User authentication is something crucial for every system requiring to have user accounts.
Even (especially) for small websites and businesses, it is critical to always make sure to follow good practices for maximum security.
We’re not talking about some hardcore stuff, though, as the OWASP cheatsheet demonstrates.
Bad idea: plain-text storing and unfit mechanisms
Every technique below is a bad idea, resulting in very poor security.
- Storing passwords in plain text, is it really necessary to explain?
- Ciphering passwords, as a password should never be deciphered.
- Using hash mechanisms, as a plain hash algorithm is not made to protect passwords, only to generate a trace of a data (you can throw away md5/sha1).
- Changing the encoding of the password, like base 64. You’re not protecting anything, it’s basically plaintext here.
- Stacking hash algorithms together, you’ll only augment the collision risk and it’s still not made for this purpose.
As a developer, you musn’t re-develop security mechanisms like password protection. Home-made security gives you no guarantee that your system is to be trusted, unlike provided and well-audited mechanisms, which are “almost” guaranteed safe.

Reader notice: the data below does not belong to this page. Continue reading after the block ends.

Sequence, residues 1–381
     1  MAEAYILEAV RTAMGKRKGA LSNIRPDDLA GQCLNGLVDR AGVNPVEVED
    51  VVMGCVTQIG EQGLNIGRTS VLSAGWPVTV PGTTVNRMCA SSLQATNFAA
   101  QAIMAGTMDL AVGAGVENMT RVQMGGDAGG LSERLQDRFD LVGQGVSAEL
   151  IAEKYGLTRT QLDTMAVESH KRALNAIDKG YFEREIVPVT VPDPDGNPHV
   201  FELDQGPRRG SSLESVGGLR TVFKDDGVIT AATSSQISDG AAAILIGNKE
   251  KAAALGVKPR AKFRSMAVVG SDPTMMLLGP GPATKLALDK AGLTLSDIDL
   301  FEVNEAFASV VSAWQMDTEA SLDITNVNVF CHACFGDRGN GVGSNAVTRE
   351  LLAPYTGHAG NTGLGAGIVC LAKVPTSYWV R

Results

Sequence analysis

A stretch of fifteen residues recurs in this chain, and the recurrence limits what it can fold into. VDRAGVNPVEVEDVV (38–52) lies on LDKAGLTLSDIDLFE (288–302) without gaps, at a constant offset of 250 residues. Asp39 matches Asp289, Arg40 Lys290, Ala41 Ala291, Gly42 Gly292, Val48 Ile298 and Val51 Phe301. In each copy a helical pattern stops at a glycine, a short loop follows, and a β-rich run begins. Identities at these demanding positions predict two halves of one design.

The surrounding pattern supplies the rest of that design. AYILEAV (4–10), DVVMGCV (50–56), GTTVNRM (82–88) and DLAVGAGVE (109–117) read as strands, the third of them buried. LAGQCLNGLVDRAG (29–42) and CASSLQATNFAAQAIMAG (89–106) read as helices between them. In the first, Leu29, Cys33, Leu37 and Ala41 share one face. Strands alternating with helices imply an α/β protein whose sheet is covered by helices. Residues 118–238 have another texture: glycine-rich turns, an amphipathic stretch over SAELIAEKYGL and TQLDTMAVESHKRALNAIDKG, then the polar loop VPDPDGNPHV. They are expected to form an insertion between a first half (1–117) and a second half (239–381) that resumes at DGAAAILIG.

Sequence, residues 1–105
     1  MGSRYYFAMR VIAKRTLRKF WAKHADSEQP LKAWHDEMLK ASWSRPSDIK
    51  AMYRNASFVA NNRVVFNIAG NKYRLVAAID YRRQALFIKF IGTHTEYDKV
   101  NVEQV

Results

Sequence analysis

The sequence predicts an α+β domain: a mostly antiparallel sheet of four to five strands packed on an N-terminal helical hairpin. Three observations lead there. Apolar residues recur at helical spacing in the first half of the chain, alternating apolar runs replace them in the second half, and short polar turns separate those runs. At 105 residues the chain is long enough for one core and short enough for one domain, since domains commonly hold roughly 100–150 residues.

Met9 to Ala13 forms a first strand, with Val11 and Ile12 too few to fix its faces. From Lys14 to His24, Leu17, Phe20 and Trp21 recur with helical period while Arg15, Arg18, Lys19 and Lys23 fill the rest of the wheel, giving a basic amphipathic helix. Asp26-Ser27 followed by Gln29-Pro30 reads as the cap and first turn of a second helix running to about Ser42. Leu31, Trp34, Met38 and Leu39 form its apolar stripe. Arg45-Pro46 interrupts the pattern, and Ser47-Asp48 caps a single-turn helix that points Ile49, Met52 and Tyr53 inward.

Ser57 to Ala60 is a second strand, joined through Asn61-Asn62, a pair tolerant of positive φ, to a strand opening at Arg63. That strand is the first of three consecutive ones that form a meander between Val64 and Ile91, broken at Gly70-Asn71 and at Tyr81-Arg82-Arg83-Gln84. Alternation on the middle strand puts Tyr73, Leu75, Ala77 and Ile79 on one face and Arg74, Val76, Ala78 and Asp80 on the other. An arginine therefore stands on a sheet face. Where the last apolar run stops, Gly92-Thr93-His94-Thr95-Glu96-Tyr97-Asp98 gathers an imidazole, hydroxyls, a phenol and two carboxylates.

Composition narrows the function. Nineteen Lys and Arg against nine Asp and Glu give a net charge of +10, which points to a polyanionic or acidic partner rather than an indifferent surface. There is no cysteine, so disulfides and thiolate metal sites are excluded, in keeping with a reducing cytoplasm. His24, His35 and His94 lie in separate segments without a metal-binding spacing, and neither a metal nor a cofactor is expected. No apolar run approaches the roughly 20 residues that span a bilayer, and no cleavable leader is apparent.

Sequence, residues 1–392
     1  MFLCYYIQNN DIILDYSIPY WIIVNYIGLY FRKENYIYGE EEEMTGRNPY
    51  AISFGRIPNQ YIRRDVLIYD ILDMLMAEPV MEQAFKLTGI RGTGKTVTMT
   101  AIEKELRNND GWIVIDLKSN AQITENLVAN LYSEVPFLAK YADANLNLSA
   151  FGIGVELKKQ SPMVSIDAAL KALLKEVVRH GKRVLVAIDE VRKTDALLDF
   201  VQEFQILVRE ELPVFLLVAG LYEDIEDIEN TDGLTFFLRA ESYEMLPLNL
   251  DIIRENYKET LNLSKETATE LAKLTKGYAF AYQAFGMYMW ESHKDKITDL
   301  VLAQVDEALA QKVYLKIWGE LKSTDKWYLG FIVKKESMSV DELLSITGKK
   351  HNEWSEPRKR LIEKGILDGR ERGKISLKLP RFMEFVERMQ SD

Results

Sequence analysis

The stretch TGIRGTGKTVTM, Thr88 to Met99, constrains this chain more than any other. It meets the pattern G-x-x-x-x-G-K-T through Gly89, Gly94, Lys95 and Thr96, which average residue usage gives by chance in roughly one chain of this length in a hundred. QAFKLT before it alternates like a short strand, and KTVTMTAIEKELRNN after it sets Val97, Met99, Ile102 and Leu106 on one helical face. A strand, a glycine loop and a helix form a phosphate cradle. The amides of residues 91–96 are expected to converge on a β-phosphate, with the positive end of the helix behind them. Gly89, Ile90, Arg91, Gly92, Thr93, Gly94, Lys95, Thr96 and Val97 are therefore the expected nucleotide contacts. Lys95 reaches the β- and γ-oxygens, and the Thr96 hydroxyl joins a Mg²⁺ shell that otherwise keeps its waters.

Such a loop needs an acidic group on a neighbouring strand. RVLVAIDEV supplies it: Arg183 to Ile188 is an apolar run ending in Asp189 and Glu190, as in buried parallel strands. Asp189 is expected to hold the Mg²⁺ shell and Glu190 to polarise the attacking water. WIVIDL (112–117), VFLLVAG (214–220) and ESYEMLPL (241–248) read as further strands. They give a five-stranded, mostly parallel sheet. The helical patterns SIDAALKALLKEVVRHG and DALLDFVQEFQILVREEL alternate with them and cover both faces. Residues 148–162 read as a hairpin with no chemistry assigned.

If you had the technical knowledge to do so in a proper and secure way, you would be working in security anyways!
Good idea: Using the provided mechanisms, or using dedicated libraries
As a golden rule, a secure password should never be seen by anyone.
So, how do you actually do that?
Well, you won’t store the password, but a derived value, commonly called a hash (note, as this can be confusing, that the value contains more than the plain hash, a lot more is done behind the scenes).
In PHP, the
password_hash function does the job for you.
You’ll store the value generated by the following code in database.
<?php // Example $hashed_value_to_store = password_hash($password, PASSWORD_DEFAULT);
But how do you actually verify that the password the user is providing during login is the one he entered during registering?
Before you answer, no, you won’t make another
password_hash and compare both results.
For that, every library provides a function, and PHP provides the nifty password_verify function.
You can simply use it like the following example.
<?php // Example, password comes from the login form, and hashed_value comes from the saved entry in database $will_be_true_if_matches = password_verify($password, $hashed_value);